For sale ... The government will begin charging not-for-profit organisations for flower displays on Northbourne Avenue. Photo: Jeffrey Chan
Canberra, a city that bans most billboards in public places, will begin to allow a few ads to help the ACT government raise some cash.
This week's budget revealed plans to raise an unspecified sum of money by ''increasing sponsorships for venues and events''.
The decision will not affect the National Capital Authority's strict rules on roadside advertising, which ban large billboards and neon signs in most parts of the ACT.
A flower display on Northbourne Avenue. Photo: Jeffrey Chan
Treasurer Andrew Barr also ruled out selling ad space on school properties, which are among the territory's largest assets.
However, the government was still deciding ''what venues and events might be suitable'', he said.
''There are several opportunities for events or venues to be sponsored. This includes, but isn't limited to, naming rights,'' he said.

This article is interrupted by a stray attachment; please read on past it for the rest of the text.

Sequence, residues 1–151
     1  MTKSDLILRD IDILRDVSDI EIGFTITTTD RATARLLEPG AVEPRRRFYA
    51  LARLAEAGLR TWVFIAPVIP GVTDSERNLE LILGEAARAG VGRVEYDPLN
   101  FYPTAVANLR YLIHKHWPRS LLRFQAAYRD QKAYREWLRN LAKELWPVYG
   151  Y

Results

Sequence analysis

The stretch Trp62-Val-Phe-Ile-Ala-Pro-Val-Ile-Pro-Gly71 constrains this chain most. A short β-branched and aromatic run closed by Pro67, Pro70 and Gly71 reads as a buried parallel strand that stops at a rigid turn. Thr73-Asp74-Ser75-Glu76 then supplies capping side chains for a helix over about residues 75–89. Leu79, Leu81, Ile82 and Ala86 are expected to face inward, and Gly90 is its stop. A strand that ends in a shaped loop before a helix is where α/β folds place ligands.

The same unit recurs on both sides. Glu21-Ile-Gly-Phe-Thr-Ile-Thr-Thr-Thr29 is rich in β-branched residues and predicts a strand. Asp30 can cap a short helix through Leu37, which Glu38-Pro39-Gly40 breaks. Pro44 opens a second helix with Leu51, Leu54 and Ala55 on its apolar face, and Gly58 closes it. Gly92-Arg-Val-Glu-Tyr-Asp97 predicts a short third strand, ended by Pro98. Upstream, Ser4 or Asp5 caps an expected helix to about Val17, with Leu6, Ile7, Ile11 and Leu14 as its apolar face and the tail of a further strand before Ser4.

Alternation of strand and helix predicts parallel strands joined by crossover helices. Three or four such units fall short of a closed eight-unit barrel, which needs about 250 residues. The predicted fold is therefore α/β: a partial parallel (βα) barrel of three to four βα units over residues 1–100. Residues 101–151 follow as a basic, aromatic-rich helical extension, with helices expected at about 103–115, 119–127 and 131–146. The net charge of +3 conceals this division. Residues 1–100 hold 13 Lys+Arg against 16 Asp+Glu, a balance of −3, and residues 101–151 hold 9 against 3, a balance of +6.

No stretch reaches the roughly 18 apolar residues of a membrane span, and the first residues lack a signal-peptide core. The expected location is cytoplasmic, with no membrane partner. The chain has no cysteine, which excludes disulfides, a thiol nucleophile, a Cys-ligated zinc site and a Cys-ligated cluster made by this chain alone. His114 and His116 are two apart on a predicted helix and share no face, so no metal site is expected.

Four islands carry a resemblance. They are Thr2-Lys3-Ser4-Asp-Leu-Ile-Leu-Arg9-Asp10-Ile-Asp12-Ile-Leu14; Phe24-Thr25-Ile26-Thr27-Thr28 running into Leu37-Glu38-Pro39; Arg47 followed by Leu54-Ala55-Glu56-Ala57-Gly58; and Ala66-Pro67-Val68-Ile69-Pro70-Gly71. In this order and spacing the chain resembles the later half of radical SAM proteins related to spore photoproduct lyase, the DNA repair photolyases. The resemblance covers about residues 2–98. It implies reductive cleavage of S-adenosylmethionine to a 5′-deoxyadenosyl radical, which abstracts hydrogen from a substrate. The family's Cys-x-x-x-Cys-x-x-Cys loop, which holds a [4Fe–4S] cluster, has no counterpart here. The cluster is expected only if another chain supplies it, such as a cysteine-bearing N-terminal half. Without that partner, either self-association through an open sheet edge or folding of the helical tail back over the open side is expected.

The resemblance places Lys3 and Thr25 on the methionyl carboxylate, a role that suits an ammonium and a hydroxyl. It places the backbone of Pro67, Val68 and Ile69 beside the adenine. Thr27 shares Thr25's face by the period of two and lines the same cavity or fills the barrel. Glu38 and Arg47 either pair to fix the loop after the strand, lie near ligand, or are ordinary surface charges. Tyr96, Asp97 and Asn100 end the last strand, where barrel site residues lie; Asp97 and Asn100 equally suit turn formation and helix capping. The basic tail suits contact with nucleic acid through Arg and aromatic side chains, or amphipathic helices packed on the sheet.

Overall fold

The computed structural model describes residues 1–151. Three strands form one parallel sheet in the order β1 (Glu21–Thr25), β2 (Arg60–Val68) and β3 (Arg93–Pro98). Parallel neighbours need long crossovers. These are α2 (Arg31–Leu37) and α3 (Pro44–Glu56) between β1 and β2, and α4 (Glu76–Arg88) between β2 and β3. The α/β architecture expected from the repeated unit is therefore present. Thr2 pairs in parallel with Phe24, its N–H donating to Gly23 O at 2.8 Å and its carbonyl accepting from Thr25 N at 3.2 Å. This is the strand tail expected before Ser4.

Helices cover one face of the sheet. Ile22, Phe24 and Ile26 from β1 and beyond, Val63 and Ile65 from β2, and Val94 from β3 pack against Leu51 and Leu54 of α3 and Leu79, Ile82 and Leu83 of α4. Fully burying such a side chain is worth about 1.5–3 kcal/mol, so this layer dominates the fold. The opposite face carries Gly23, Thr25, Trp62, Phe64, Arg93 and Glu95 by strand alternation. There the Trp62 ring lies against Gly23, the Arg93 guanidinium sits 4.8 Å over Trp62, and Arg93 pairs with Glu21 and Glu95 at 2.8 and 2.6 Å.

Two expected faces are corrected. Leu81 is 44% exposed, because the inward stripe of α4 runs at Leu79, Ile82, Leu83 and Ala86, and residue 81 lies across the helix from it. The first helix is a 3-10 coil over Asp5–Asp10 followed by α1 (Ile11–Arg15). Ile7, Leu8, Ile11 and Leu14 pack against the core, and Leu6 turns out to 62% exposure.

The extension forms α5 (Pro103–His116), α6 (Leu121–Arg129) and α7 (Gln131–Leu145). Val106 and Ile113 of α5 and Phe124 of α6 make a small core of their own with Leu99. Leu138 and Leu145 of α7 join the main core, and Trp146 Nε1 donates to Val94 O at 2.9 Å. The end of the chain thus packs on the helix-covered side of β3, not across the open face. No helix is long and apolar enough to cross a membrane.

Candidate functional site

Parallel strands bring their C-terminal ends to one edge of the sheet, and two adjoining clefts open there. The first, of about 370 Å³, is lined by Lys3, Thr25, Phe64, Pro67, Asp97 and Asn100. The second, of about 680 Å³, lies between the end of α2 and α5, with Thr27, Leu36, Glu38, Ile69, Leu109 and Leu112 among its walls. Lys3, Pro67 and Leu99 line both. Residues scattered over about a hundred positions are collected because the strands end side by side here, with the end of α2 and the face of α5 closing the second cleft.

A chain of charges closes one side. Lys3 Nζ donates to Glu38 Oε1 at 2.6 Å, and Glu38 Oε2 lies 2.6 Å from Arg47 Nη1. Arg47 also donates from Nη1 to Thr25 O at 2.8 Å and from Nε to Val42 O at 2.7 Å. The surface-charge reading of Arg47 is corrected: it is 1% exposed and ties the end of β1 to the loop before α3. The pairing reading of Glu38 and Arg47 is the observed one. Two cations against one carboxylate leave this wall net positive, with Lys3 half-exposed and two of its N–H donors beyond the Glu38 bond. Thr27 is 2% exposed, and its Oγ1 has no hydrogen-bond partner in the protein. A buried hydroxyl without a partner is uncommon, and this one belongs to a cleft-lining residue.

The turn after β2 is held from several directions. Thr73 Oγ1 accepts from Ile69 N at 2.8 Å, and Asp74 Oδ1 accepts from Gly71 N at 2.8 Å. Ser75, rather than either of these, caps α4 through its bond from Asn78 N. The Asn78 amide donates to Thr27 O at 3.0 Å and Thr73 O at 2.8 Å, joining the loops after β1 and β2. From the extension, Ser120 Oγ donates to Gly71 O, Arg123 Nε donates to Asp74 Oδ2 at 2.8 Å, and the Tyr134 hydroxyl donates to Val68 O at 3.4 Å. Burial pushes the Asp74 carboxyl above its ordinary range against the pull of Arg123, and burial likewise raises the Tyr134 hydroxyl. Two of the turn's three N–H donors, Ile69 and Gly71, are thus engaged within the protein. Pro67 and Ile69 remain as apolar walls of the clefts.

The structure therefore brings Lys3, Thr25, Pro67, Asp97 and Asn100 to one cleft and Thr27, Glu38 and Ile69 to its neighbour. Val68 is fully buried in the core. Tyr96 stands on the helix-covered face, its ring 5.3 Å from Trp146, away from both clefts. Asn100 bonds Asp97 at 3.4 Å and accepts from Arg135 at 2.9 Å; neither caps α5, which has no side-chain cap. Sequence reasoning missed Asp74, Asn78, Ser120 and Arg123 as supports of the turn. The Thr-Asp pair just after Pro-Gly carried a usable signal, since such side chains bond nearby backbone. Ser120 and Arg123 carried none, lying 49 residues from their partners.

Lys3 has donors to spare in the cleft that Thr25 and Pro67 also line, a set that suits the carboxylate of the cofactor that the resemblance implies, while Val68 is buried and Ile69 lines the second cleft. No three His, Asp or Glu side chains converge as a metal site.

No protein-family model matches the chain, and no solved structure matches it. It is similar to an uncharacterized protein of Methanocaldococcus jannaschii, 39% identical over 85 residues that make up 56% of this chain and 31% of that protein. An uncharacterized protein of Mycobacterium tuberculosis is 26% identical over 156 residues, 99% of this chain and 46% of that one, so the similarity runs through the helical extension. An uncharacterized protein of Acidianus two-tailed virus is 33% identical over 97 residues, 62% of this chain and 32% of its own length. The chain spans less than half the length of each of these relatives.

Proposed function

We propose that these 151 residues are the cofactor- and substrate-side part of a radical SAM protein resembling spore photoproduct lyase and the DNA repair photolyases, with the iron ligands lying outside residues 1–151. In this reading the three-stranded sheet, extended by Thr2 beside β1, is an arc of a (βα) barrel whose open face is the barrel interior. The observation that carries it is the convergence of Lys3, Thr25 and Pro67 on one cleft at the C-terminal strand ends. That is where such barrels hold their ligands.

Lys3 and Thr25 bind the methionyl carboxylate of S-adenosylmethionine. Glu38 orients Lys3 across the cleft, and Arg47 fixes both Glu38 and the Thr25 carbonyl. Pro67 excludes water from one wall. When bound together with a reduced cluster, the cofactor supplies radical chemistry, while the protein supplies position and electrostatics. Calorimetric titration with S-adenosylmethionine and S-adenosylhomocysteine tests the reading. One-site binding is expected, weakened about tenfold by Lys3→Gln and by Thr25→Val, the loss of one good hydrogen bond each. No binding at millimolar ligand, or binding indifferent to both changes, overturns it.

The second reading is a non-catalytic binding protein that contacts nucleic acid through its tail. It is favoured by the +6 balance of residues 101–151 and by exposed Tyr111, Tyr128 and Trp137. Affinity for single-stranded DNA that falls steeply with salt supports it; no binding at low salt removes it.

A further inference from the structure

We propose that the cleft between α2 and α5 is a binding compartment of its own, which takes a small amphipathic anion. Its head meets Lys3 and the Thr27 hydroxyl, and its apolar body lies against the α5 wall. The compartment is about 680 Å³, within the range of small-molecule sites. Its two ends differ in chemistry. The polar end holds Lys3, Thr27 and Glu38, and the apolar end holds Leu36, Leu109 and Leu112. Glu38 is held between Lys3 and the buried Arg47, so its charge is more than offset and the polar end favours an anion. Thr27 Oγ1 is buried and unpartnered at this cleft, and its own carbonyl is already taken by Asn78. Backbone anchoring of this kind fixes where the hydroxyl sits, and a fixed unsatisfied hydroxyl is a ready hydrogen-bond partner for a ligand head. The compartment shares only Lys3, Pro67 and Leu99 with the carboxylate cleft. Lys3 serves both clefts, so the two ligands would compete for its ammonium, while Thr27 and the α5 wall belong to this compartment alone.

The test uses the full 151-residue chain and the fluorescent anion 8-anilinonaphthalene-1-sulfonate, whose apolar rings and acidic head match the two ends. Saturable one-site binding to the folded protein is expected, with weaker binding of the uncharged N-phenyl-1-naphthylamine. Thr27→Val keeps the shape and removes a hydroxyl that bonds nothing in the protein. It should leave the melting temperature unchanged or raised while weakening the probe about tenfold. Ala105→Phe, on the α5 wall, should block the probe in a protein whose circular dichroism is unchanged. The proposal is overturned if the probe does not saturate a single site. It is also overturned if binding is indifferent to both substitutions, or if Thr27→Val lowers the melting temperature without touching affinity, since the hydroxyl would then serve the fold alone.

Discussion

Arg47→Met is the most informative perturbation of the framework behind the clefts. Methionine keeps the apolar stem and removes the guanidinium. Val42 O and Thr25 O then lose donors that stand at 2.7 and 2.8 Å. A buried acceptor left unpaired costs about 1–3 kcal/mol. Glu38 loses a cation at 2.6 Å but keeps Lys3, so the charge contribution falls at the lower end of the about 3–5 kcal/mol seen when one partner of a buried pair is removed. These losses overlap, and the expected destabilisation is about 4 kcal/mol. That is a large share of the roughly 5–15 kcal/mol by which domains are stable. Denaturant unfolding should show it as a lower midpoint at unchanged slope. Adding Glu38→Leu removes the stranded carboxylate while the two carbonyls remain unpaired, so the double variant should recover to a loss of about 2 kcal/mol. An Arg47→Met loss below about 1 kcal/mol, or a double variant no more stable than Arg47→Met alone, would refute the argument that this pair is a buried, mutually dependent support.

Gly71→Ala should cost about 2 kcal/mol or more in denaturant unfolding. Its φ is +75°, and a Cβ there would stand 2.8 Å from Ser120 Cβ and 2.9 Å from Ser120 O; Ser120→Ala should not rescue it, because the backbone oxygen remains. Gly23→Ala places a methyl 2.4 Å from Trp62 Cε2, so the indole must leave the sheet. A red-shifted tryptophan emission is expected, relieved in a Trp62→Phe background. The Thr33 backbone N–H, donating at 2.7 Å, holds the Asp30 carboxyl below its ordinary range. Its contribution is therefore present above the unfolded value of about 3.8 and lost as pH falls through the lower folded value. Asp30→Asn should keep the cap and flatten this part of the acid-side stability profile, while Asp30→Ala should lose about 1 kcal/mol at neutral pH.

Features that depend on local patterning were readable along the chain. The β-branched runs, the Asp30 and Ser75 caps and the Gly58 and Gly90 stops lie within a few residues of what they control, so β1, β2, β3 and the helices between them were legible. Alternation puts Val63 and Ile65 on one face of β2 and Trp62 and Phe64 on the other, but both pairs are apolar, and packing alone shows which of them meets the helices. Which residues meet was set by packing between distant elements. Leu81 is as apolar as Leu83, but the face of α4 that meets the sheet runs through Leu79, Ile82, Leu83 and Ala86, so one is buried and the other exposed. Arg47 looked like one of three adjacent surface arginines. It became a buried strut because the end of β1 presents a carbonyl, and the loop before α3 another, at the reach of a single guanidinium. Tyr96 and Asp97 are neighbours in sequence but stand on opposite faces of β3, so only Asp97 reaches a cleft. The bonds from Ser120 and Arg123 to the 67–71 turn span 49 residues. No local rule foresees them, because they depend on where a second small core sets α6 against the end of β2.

A billboard outside Raiders HQ in Bruce. Photo: Karleen Minney
''For example, it includes signage on the boundary fence and corporate hospitality at Manuka Oval.
''There could also be opportunities for the Enlighten Festival or
Stromlo Forest to contain opportunities for sponsorship - that is, of individual events within Enlighten or signage at events at Stromlo.''
The government will, however, begin charging fees or selling sponsorships for the floral displays that greet drivers on Northbourne Avenue, in Civic and on Drakeford Drive in Kambah.
The displays promote events at the request of not-for-profits or government agencies.
The government hopes to raise $20,000 in fees in 2014-15, rising to $45,000 a year later, to pay for planting and maintaining the flowers.
Mr Barr would not say how much revenue he expected from other sponsorships deals, as it was ''dependent on each individual agreement''.
''By the nature of such agreements, they are commercial in confidence.''
The budget papers say selling ads will be part of the hunt to find general savings of $15 million in the coming year, rising to $19.6 million three years later.